|22||Academy Bay to Chatham Island.|
|23-25||Chatham Island to Guayaquil, Ecuador.|
|28-29||Guayaquil to Miami to San Francisco.|
During our brief visit to Quito, 7 to 10 July, inclusive, numerous discussions were held with various Ecuadorian officials, all of which, in general, reflected considerable interest in our mission and assured us of full cooperation whenever requested. Expressions of their sincerity and willingness to help are reflected in the following:
In the following paragraphs I shall present some of the more significant biological observations made by the various members of our group. Systematic collections and observations were restricted for the most part to terrestrial vertebrates because of limitations of time. The writer also made notes -on the distribution of the vegetarian and prepared some herbarium specimens.
At the time of this writing (10 January 1958) not all of the collections on which many of the following observations are based, were at hand. For this reason certain conclusions are necessarily tentative, pending closer scrutiny of the specimens.
A relatively small collection of plants was made principally on Indefatigable Island, but a few specimens were also obtained on Jervis, Abingdon, Albemarle, Narborough, Chatham, Gardner-near-Hood, and Hood.
Of special interest was the procurement of specimens of the endemic species of Compositae, Scalesia Helleri, from the west side of Tortuga Bay on the south shore of Indefatigable Island. This curly-leaved, highly aromatic, shrubby species is known only from three previous collections; the first two from Barrington Island and the third, a previous collection from Indefatigable Island. Mr. Thomas Howell, California Academy of Sciences, who is an authority on Galápagos plants, has identified this new material.
Under the leadership of Mr. Rudolf Freund, an expedition was organized to penetrate the interior of Narborough Island for the purpose of making scientific observations in and around the large central crater. This expedition represents the fourth of its kind to reach the rim of the large central crater on Narborough Island. The first was in 1899 by Snodgrass and Heller who climbed to the north rim of the crater (Heller, 1903: 40). The second was by Mr. R. Beck in 1906 who examined the southeast rim of the crater having started from Mangrove Point (southeast corner of the island). The third expedition was organized by Mr. Otis Barton who in 1956, with the aid of Mr. Karl Angermeyer, climbed to the east rim of the crater from Point Espinosa (northeast corner of the island). Three of Mr. Barton’s carriers entered the crater and brought out fresh water from the lake.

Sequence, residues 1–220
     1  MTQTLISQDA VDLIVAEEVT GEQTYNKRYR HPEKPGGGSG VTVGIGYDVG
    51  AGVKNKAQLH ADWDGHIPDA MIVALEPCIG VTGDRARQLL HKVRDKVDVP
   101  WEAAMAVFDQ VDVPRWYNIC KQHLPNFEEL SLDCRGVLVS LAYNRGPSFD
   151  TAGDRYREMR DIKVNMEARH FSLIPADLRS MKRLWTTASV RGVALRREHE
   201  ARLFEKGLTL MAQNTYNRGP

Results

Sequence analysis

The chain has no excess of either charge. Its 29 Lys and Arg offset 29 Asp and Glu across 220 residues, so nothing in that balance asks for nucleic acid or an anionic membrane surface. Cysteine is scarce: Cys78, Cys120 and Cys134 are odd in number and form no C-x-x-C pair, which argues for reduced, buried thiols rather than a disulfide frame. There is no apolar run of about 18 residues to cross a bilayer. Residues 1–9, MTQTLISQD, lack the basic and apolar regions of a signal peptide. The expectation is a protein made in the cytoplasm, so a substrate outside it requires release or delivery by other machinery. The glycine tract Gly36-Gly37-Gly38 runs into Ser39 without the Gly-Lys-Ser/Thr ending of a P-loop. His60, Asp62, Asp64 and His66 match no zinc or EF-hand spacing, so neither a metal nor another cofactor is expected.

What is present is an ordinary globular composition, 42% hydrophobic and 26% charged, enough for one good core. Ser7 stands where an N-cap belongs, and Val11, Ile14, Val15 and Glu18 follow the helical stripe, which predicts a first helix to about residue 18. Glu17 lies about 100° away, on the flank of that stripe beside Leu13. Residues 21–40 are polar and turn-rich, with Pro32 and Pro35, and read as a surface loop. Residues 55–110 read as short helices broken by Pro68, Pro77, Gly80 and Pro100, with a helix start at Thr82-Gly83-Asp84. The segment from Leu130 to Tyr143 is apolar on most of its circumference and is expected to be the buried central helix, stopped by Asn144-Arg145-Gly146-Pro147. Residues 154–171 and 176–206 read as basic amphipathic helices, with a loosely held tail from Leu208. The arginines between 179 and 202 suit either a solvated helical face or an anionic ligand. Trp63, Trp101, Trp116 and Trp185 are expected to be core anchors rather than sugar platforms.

Our expedition provided an excellent opportunity for the writer to compare the altitudinal distribution of the vegetation and compare it with that on the south-facing slope of Indefatigable Island. Regrettably, no herbarium specimens were obtained on Narborough (only seeds) because of severe weight and space limitations.
Although the north and northeast rim of Narborough crater is at an elevation of over 4000 feet, nonetheless no grass-fern formation is developed here as it is on the south-facing slope of Indefatigable island at 2000 feet elevation. Rather, the Scalesia tree forms a uniform forest growth about 8-10 ft. high at its maximum development, which is in marked contrast to the 50-60 ft. high Scalesia trees occurring on the south-facing slopes of Indefatigable Island. This situation may be due to differences in rainfall and wind exposure.
Some authors (viz. Lack, 1947: 78-79) have given the impression that “conditions” on the various islands of the Galápagos are more or less the same. It came somewhat as a surprise, therefore, to discover rather striking differences in the growth-form of the vegetation and the degree of dominance of certain species on the different islands visited, many of which, presumably, have similar climates, For example, on Indefatigable Island the thorny tree Parkinsonia forms a very inconspicuous element in the coastal vegetation, whereas on Duncan Island, all members of our group can attest to the dense tangle of dwarf trees of this species over large areas of the Island. Another example is the Opuntia cactus, which is so common throughout the arid coastal zone on Indefatigable Island that it forms one of the most conspicuous elements in the vegetation. On the north-facing slopes of Narborough Island this cactus is extremely rare, and we did not encounter our first tree until reaching the 1260 ft. elevation.
Wild tomato seeds were obtained from plants representing two distinct forms which were growing along the edge of the crater lake on Narborough Island (2325 ft.) This represents the first collection of its kind from this area and has been presented to Dr. Charles Rick of the University of California who actively engaged in genetical studies on Galápagos tomatoes.
About four miles inland from Academy Bay in the Scalesia forest zone and above, there has been a rapid clearing of the virgin forest for agriculture. During the interim of 4 years since the writer was last, in Galápagos, many great changes in the native vegetation have taken place. The farming community of Fortuna has now been extended to a distance of about one mile to the west of the main trail, and northward into the lower Miconia brush zone (above the Scalesia forest zone). It is nearly impossible to find an area of forest that has not been disturbed by man or his introduced animals in much of the area directly north of Academy Bay.